Neuroimmunological aspects of health and disease

The central nervous system (CNS) is isolated from the circulation, and protected behind barriers [the blood-brain barrier (BBB) and blood-cerebrospinal fluid barrier (BCSFB)]. As such, it has long been regarded as an immune privileged organ, and circulating leukocytes were assumed to be excluded from this tissue. Accordingly, it was accepted that any immune activity found in the brain is a response that promotes disease, and should be eliminated. In fact, almost every pathology of the brain and spinal cord, including acute injuries, as well as chronic neurodegenerative diseases such as Alzheimer’s disease, ALS, depression and even normal brain aging, are associated with local inflammation; thus, efforts were made to reduce inflammation in the brain through systemic administration of anti-inflammatory drugs. Nevertheless, in almost all CNS pathologies tested (other than inflammation-associated autoimmune diseases), these attempts to suppress systemic immunity as a way of mitigating brain inflammation were ineffective at best, or harmful.

Our pioneering studies have changed the understanding of the relationships between the brain and the immune system, by overturning the existing tenet, with clinical implications to age-related dementia, acute brain and spinal cord injury, Alzheimer’s disease and other neurodegenerative or neurodevelopmental diseases.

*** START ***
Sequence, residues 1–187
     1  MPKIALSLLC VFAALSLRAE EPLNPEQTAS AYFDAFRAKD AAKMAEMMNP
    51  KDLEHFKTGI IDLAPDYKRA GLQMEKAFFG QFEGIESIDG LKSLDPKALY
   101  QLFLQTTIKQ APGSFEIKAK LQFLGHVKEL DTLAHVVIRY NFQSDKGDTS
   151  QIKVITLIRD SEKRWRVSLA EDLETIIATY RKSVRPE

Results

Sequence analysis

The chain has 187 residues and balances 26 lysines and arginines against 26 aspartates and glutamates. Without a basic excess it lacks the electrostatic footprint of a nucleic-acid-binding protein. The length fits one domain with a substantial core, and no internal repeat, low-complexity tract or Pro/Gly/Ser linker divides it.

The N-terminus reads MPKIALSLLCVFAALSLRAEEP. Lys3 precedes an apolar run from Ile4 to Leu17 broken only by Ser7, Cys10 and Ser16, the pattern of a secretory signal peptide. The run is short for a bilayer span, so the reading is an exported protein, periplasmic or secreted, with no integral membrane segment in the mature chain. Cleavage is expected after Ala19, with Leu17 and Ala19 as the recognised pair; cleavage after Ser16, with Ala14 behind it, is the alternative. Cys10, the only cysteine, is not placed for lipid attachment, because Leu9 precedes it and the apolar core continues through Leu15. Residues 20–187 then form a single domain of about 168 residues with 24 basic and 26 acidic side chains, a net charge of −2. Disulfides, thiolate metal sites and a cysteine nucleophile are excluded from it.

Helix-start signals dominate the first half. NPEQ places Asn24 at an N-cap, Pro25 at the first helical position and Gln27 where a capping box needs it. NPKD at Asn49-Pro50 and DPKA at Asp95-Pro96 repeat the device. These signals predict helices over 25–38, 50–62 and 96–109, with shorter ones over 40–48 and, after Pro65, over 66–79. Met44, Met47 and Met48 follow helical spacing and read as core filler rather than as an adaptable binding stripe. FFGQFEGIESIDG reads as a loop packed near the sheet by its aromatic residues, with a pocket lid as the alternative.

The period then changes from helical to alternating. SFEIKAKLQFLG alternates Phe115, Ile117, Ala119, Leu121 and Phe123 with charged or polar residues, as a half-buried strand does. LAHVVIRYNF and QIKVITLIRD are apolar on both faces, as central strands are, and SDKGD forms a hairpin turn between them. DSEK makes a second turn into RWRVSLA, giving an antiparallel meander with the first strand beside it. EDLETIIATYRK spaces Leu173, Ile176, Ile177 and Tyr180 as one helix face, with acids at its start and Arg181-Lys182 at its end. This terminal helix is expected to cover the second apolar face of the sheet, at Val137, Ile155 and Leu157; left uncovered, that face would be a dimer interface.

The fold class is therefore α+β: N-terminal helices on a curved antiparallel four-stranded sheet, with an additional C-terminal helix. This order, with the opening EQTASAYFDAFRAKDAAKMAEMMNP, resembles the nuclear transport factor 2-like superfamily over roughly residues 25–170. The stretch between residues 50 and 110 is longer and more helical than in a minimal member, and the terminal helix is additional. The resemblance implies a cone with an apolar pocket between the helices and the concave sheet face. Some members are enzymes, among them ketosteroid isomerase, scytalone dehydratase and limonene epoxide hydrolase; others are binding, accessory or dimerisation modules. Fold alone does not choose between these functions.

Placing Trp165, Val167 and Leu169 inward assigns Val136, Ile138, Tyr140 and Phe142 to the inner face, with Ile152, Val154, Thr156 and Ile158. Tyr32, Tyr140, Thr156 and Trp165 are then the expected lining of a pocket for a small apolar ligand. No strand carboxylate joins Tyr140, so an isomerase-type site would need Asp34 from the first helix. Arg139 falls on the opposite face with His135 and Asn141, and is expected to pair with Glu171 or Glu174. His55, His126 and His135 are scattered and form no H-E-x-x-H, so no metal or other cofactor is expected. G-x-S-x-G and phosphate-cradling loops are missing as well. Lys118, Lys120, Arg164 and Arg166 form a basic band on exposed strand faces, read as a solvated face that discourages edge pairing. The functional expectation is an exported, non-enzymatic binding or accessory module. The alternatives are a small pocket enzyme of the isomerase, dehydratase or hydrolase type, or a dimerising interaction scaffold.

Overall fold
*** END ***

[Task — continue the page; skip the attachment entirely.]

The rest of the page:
In our early studies, our group was the first to demonstrate that two types of immune cells, circulating blood macrophages, and T-cells recognizing brain components, are needed for healing the damaged central nervous system (CNS); these findings were conceptualized as the theory of “Protective autoimmunity”.

Beyond repair, we showed that the immune system is pivotal for life-long maintenance of the brain, enabling its proper function, as manifested by formation of new neurons, normal cognitive performance, and coping with mental stress (cognition/behavior and neurogenesis). According to our findings and formulated theory, immune cells that recognize self components of the CNS are pivotal for patrolling the healthy brain to identify any distressed situation and to resolve it before it develops into any disease, and to facilitate repair if pathology emerges. Thus, although the immune system is not part of the wired system of the brain, our work proposes that it helps maintain the environment of the brain in optimal condition, as required for its complex and delicate activity.